In our internet age, it’s hard to grab someone’s attention, especially if you’re a business. How do you do it? It’s simple: Hire a digital agency to do your storytelling, or do it yourself. I’m not talking about writing a good commercial or video for your homepage. I’m talking about creating an entire identity for your brand that helps you define yourself within the marketplace.
Let me use an example. What’s the difference between Apple and AT&T? One positioned themselves as an innovator, the other never spent the time or money on marketing and wound up just a big company. Back in the mid-’80s when Apple was emerging onto the market, they cast themselves as a company that would help combat an Orwellian future of Big Brother and Soviet mediocrity. Buy Apple, they seemed to say, and you will be free. They were promising a way of life with their little computers, and that image and paradigm stayed with them during their troubles in the ’90s and well into their growth in the aughties when they invented new products that changed the world and lived up to their reputation.
AT&T on the other hand is a former monopoly, divested of its status as the original American telephone company after U.S. regulators broke it up around the same time Apple was making its mark on the computer world. Instead of trying to amp up their reputation as an original American brand, the company focused only on maintaining their status as a profit-generating conglomerate in light of monopoly accusations from the government. In the eyes of consumers, AT&T may have good phone service, but they are faceless, a sprawling network of office buildings and suburban business parks that somehow manage to control our wireless bills. My point here is that branding plays a large part in how the public imagines companies, from the Fortune 500 list to your local supermarket.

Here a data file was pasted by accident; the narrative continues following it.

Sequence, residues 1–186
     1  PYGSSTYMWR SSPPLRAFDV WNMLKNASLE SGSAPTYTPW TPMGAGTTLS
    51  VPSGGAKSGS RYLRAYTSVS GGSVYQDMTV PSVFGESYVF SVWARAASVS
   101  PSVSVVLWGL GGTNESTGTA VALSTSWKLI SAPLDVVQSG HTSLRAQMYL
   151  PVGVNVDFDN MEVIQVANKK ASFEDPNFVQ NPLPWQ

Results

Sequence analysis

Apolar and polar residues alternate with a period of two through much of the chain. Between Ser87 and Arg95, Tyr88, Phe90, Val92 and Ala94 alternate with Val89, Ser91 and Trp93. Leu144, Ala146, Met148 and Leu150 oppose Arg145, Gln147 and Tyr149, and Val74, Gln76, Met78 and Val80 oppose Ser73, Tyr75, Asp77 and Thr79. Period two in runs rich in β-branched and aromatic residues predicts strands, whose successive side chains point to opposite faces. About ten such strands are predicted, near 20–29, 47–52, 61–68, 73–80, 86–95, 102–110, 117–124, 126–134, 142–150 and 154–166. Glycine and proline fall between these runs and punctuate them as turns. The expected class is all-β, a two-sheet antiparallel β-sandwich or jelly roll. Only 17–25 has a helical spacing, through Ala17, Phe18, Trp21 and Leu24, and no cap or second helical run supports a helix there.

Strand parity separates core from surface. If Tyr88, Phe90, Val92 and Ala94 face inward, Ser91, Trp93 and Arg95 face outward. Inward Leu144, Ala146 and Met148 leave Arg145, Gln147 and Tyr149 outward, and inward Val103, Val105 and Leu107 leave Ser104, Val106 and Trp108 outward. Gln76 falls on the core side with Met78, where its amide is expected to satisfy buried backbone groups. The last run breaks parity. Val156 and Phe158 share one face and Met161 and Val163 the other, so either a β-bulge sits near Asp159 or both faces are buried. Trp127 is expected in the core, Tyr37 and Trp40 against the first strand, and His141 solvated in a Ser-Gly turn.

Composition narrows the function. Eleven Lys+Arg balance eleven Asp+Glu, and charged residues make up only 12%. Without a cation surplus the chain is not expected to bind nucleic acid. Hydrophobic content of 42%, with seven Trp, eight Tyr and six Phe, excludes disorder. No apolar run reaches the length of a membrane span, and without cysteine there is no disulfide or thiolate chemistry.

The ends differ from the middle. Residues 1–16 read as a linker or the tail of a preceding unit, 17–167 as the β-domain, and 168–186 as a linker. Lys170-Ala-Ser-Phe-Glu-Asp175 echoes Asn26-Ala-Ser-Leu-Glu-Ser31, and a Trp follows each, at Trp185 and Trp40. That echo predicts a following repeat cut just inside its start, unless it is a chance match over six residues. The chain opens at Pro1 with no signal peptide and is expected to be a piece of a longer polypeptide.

Of course if branding were so easy, we would all position ourselves as Apple–innovative revolutionaries who aren’t satisfied with the status quo. But that doesn’t work if you’re a cement company; people just aren’t going to buy it. In fact, it wouldn’t even work if you were AT&T–we know they’re not revolutionary, even if they are offering unlimited calls and only charging for data. You have to choose a position, a brand archetype, that suits what you do.
The way to do this is first to imagine that your customer is a young hero embarking on a journey. Maybe they are searching for a concrete company, maybe they are searching for a wireless company, maybe they’re looking for an online marketing company, they need help. They may be reluctant to listen to you at first; after all, there are many companies out there vying for attention, so convince them that with your help they can become everything they have ever wanted. Once they choose you, they will see that you have a magic gift that allows them to continue their journey or quest for knowledge and understanding, in order to eventually share with the world what they have learned.